30 years have now passed since those halcyon days, and although I kept my CD collection and added to it over the years, by the end of the first decade of the 21st century I was working in the audio industry and my love for vinyl replay was reignited, fueled partly by everyone around me saying it was the ‘true way’. Records once again were my preferred medium, but I still always had a decent CD player in my system, even if I tended to overlook CDs and choose vinyl for ‘serious’ listening, which does sound rather pompous. I had also copied about 3000 CDs to a server, boxed them and stored them in the garage, never expecting to use them again.
So here we are in 2020 and my preferred amplifier is an all digital Lyngdorf TDAI3400, which I think is an absolutely magnificent piece of modern engineering, and through whose entirely digital circuitry, as if by witchcraft, I still prefer the sound of a vinyl record. An analogue signal, converted to digital as it enters the amplifier, still emerges from the loudspeakers with that certain magic, which has beguiled me for so many decades.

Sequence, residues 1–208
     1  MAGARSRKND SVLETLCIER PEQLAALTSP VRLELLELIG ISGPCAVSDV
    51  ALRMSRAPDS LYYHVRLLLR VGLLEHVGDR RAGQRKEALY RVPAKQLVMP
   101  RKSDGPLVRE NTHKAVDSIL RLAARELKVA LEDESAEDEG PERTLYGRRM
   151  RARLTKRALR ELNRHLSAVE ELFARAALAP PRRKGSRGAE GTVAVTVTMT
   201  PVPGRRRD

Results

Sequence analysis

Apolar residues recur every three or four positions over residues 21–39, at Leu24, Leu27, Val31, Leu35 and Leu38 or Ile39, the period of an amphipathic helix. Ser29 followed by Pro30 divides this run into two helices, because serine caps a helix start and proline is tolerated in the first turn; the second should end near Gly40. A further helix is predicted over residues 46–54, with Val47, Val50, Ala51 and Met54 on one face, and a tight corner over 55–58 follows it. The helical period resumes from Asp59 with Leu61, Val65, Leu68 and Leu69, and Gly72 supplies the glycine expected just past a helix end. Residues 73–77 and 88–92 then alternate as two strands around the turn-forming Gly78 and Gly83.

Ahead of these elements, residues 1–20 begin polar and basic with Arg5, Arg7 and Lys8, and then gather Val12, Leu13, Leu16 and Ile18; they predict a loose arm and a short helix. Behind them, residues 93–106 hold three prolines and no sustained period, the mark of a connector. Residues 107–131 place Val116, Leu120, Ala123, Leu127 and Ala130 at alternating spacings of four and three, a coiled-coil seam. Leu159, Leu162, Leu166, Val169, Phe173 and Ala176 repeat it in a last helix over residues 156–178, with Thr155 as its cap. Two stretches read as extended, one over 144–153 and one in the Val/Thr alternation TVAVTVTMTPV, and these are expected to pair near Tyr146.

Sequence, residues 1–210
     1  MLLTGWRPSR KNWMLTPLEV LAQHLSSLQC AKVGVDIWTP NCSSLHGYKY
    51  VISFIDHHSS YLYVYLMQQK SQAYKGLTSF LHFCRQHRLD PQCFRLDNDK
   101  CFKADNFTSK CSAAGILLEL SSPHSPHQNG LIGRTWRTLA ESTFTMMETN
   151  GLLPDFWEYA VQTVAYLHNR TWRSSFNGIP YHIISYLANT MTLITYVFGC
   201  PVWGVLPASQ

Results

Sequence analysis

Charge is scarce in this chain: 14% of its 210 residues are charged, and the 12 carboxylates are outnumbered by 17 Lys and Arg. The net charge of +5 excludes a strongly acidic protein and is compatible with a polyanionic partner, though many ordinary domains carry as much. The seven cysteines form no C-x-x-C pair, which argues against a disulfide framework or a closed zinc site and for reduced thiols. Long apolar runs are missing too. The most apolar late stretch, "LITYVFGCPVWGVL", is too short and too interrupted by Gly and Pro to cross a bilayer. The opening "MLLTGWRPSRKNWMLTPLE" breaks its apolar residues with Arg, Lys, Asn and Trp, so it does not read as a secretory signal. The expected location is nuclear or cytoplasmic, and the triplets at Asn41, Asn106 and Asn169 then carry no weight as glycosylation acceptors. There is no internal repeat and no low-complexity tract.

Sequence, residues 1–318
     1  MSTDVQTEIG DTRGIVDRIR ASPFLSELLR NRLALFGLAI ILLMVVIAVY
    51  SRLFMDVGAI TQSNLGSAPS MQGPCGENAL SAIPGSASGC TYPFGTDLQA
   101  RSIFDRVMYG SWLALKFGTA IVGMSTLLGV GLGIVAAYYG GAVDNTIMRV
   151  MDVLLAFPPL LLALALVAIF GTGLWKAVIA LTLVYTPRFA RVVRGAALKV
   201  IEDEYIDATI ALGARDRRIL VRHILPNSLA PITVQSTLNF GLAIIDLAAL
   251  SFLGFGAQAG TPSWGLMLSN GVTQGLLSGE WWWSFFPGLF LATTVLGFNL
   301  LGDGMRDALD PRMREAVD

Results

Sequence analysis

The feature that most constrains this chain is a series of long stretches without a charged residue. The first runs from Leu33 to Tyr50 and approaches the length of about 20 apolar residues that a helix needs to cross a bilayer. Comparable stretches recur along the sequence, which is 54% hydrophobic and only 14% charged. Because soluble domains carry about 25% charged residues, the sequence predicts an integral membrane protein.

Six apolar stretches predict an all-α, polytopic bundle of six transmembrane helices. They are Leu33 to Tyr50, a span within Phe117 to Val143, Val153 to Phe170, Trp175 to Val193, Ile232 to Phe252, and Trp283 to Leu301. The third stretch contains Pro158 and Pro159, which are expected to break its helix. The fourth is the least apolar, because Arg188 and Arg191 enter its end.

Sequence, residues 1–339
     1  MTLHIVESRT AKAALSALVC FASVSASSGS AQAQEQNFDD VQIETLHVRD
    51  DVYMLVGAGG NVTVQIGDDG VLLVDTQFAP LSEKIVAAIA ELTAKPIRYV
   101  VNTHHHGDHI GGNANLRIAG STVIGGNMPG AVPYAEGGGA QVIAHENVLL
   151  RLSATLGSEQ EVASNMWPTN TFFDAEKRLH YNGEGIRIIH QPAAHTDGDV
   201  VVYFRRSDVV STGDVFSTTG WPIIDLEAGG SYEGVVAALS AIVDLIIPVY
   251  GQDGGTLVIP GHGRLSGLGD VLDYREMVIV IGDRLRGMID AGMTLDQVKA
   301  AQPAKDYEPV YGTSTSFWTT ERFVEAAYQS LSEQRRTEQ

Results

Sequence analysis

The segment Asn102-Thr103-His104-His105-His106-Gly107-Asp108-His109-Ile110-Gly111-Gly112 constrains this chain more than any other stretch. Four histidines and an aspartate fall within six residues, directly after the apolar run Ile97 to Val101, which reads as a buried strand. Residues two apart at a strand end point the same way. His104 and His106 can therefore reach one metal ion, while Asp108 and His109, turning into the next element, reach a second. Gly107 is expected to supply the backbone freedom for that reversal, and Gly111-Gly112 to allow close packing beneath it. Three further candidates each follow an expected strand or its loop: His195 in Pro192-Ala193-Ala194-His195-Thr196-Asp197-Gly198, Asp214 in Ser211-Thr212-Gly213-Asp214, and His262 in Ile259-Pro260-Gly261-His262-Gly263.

And when I want to try out new recordings, or just feel a bit lazy, I can stream music from Tidal or Qobuz, in high definition, and with amazing sound quality. But then Lyngdorf distributor Rob Sinden asked if I would like to try the Lyngdorf CD-2. Once it arrived, I plugged it into the TDAI3400 using analogue RCA interconnects and curated a small playlist of albums to start with. I had some classic rock from Pink Floyd, Cream, Eric Clapton, the Who, Dire Straits, ZZ Top and Creedence Clearwater Revival, some growly country from Ray Wylie Hubbard, some JJ Cale (I always have some JJ Cale), and some jazz from Miles Davis, John Coltrane, Christian McBride and Dave Brubeck, along with some modern pop from George Ezra and Katie Melua. I had some classical music too, from Christopher Hogwood and the Academy of Ancient Music on the Oiseau-Lyre label among others.